VILNIUS - Energy Minister Zygimantas Vaiciunas expects that the Baltic power grids' synchronization with the continental European system will not cost Lithuanian consumers more than the NordBalt power link with Sweden, saying efforts are being made to secure the highest possible EU funding for the project.
"We are making every effort to get the maximum funding from the European Union, which means that the implementation of the entire project would cost our consumers no more than the NordBalt interconnection," Vaiciunas told reporters after meeting with Viktoras Pranckietis, the speaker of the Seimas, on Wednesday.
"We are speaking about (an additional) 0.2 euro cents (to the electricity price)," he added.
The European Commission is expected to announce in early February its decision on EU funding for the first stage of the synchronization project, which is estimated to cost 1.5 billion euros in total.
The three Baltic countries are asking for 432.5 million euros in funding for this stage of the project. The EU is expected to cover 75 percent of the cost.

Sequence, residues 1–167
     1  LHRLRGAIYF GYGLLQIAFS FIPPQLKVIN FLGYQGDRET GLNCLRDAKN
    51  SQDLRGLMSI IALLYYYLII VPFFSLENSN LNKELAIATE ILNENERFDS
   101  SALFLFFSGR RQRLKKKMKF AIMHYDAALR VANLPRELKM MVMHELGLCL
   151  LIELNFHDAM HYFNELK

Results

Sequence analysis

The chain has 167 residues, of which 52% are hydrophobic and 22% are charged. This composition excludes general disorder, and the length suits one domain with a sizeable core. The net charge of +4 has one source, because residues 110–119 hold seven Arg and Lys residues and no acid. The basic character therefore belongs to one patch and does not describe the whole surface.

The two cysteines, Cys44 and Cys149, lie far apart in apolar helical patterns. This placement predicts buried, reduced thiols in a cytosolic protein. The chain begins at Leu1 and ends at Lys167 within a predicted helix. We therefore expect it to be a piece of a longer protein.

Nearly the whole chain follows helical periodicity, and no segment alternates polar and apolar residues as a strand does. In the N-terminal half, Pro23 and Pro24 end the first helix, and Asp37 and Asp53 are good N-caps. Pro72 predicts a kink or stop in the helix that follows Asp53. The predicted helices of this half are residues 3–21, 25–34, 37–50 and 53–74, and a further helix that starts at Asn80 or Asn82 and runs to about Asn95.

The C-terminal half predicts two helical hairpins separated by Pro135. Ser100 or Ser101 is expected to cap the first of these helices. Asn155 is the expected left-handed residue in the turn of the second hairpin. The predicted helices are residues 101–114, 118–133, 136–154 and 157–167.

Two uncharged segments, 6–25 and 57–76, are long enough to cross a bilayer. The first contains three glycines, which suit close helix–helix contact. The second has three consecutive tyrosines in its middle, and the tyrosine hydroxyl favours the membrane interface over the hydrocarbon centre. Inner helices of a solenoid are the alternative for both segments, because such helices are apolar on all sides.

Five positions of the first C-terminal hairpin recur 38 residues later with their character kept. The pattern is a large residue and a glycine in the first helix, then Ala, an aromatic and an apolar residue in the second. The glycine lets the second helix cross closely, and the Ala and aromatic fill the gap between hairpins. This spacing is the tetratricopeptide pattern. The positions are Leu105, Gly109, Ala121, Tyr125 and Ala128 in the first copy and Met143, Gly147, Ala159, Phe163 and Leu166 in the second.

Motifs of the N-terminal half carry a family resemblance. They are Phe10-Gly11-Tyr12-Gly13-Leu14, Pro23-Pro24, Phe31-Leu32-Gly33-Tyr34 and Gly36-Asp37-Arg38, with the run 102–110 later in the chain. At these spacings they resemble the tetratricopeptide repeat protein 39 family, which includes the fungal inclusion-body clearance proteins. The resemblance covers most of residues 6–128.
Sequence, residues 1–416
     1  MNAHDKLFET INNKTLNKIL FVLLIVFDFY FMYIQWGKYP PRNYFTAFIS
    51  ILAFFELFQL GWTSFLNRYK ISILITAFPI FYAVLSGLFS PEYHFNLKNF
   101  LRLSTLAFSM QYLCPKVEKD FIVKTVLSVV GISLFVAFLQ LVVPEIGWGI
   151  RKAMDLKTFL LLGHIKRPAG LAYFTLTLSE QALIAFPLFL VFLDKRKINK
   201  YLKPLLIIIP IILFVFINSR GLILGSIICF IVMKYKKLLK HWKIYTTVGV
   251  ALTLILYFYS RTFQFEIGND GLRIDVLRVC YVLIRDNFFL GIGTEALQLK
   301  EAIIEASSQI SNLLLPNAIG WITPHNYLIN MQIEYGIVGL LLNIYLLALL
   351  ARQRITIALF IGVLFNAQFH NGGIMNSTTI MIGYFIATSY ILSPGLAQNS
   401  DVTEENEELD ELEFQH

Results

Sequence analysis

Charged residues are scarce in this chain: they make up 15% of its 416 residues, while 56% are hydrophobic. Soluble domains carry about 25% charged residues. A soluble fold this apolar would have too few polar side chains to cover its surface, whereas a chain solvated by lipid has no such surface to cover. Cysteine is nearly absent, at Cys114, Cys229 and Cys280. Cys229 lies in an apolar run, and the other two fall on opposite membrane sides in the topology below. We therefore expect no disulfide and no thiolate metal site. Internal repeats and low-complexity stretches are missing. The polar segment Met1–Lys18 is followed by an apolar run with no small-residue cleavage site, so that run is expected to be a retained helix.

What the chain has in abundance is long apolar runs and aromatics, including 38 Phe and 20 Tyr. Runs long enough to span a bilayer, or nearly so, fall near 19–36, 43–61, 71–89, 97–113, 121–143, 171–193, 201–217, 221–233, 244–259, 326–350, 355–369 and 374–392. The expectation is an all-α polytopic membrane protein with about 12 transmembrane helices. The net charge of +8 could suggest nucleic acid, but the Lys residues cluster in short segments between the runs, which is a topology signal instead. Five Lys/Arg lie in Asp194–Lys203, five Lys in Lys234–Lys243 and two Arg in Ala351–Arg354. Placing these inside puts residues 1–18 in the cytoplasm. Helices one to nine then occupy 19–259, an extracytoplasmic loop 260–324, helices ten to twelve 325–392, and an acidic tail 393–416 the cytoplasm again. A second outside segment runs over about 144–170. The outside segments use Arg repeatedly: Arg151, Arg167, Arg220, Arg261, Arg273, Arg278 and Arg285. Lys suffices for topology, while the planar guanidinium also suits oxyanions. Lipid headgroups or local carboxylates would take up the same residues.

"We have to work in a focused and intensive way to secure the maximum EU funding rate for other parts as well, including the submarine cable, which will probably cost the most," Vaiciunas said.
Lithuania, Latvia and Estonia plan to synchronize their power grids with the European system by 2025.
Under the plan, the synchronization will take place via the existing Lithuanian-Polish LitPol Link and a new submarine cable between the two countries.
The Baltic grids are still part of the post-Soviet BRELL ring, which also includes Russia and Belarus, and remain dependent on the control center in Moscow and the Russian electricity system.